Entrepreneur Fouad Filali impulsively purchased La Fiermontina, a 17th century house in Lecce’s historic quarter, after an evening stroll along its rutted, silvery cobblestones but decided not to live in it, “‘The property felt too big for me, so I thought ‘why not a hotel?”
The half-Italian Filali grew up across multiple continents with his Moroccan diplomat father and a mother who regaled her young son with tales of his Pugliese grandmother Antonia Fiermonte, who eventually settled among the surrealists in Paris during the 1930s.
“I bought the crumbling house to reconnect with my heritage. The rest was an unexpected boon,’ says Filali
Lecce’s Baroque city, known for its intimate warren of snaking lanes and soaring churches carved out of Leccese limestone, has cultural attractions and easy access to beaches along the iconic Adriatic coast but there aren’t many central places to stay.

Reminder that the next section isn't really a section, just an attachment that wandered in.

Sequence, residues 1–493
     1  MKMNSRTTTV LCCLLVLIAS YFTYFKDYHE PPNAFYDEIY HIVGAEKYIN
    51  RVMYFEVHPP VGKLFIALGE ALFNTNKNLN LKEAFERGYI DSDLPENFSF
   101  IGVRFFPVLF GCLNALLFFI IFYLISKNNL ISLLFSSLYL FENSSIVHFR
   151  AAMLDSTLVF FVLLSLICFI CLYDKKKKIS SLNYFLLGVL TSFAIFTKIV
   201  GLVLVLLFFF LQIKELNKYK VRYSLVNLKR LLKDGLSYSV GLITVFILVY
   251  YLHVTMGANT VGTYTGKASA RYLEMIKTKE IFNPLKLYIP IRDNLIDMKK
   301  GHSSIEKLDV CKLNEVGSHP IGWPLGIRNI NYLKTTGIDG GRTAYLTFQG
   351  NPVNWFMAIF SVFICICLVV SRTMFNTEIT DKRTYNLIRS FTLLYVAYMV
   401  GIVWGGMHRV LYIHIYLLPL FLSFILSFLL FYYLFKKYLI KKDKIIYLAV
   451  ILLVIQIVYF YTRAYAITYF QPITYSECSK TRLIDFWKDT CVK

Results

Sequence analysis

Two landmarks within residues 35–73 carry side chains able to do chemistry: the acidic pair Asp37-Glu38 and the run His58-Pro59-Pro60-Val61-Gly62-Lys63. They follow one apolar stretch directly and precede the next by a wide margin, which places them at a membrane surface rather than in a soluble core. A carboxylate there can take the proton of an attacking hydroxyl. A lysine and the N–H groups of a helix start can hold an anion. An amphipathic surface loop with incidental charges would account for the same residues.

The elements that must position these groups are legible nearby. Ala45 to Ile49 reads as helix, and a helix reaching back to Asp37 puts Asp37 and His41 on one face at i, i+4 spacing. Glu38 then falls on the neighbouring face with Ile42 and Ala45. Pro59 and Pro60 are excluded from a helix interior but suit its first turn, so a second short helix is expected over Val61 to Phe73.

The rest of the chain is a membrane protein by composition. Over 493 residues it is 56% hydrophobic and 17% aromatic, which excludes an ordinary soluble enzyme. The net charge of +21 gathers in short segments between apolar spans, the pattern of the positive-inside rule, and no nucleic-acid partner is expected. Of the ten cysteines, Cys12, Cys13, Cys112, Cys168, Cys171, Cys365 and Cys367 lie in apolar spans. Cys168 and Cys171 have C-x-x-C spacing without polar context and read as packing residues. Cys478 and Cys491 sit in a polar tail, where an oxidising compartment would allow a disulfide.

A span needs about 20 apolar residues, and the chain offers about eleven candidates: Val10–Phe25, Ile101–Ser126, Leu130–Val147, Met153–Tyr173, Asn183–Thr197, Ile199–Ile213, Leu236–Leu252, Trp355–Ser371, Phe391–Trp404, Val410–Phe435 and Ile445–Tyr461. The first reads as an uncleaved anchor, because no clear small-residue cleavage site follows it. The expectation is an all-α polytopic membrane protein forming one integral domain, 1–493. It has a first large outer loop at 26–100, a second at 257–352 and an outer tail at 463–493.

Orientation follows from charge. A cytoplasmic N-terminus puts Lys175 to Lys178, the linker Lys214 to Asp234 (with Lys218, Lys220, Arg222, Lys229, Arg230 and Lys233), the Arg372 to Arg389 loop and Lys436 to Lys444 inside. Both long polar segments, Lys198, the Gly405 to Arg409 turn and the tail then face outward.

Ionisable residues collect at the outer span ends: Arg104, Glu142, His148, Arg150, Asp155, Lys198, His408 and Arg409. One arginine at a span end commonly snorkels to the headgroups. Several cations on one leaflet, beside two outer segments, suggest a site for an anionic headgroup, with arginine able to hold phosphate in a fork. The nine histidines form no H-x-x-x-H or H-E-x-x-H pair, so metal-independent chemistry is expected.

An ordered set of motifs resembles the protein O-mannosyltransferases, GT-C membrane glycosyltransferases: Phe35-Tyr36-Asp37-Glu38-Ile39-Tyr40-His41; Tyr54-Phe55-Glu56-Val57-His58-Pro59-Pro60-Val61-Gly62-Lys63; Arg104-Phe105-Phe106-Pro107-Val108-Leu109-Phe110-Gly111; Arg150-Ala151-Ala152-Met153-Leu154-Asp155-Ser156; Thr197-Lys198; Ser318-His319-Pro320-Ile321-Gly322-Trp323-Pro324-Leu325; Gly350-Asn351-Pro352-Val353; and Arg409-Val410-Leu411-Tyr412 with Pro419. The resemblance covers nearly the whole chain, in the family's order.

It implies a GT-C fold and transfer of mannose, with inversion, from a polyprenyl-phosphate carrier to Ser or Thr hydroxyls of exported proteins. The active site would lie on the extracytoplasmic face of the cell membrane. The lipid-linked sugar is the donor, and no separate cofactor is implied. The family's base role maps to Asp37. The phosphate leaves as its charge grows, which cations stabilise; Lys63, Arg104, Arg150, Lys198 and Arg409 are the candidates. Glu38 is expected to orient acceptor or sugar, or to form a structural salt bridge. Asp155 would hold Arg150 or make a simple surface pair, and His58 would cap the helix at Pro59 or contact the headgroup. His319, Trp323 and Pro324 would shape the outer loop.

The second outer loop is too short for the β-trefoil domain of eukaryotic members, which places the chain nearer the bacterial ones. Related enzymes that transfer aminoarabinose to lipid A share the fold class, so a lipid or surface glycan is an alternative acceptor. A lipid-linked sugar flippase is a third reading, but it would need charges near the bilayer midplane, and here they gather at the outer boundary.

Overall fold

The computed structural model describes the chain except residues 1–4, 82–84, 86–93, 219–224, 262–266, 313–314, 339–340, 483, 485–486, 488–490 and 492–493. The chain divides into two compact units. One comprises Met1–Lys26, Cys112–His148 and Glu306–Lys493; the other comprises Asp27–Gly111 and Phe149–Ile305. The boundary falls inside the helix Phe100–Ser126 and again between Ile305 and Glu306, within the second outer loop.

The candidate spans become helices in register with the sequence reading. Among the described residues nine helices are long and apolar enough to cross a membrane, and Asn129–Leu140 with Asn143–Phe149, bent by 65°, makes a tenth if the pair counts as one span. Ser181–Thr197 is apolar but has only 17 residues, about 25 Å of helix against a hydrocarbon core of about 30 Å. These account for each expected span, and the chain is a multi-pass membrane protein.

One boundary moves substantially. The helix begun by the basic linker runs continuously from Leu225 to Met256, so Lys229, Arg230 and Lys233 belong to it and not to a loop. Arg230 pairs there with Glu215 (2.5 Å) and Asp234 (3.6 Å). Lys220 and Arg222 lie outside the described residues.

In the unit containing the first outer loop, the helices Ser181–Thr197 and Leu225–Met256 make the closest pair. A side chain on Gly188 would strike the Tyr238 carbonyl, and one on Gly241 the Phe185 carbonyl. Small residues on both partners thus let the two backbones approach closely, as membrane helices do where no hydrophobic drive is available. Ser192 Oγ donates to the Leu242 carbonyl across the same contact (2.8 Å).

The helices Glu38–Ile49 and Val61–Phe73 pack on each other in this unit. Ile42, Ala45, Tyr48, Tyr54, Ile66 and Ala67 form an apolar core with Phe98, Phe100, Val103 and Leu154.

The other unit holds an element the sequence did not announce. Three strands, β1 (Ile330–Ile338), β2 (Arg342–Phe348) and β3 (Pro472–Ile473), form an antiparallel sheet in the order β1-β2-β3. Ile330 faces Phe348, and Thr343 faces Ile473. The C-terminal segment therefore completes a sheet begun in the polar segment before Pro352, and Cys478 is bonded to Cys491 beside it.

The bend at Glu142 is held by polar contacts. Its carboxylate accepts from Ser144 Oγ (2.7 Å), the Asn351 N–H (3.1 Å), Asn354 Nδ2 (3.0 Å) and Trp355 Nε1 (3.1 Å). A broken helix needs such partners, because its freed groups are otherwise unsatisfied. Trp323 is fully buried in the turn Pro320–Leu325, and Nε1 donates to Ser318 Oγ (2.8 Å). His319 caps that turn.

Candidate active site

Architect Antonio Annicchiarico, who was completing a home nearby for the Hermès family, was the natural choice for this project. Filali said he hired Annicchiarico because he wanted someone from Puglia that could create something modern yet entirely “Leccese”.
The restoration includes 16 unique private quarters featuring traditional pietra di Trani floors and vaulted star-pinnacled ceilings typically seen in noble homes in the Salento region. Scattered throughout the interiors are original art and furnishings from Filali’s personal collection including pieces by Le Corbusier, Charlotte Perriand and Tobia Scarpa.
Sculptures in the private olive garden, a Fernan Léger among them, were inherited from his grandmother for whom the hotel is named. The property also has a private pool and a small restaurant that offers a modern, light take on traditional Pugliese cuisine.
La Fiermontina is a modern-day masseria that mirrors its storied surroundings. This private retreat would make for a memorable holiday in Puglia.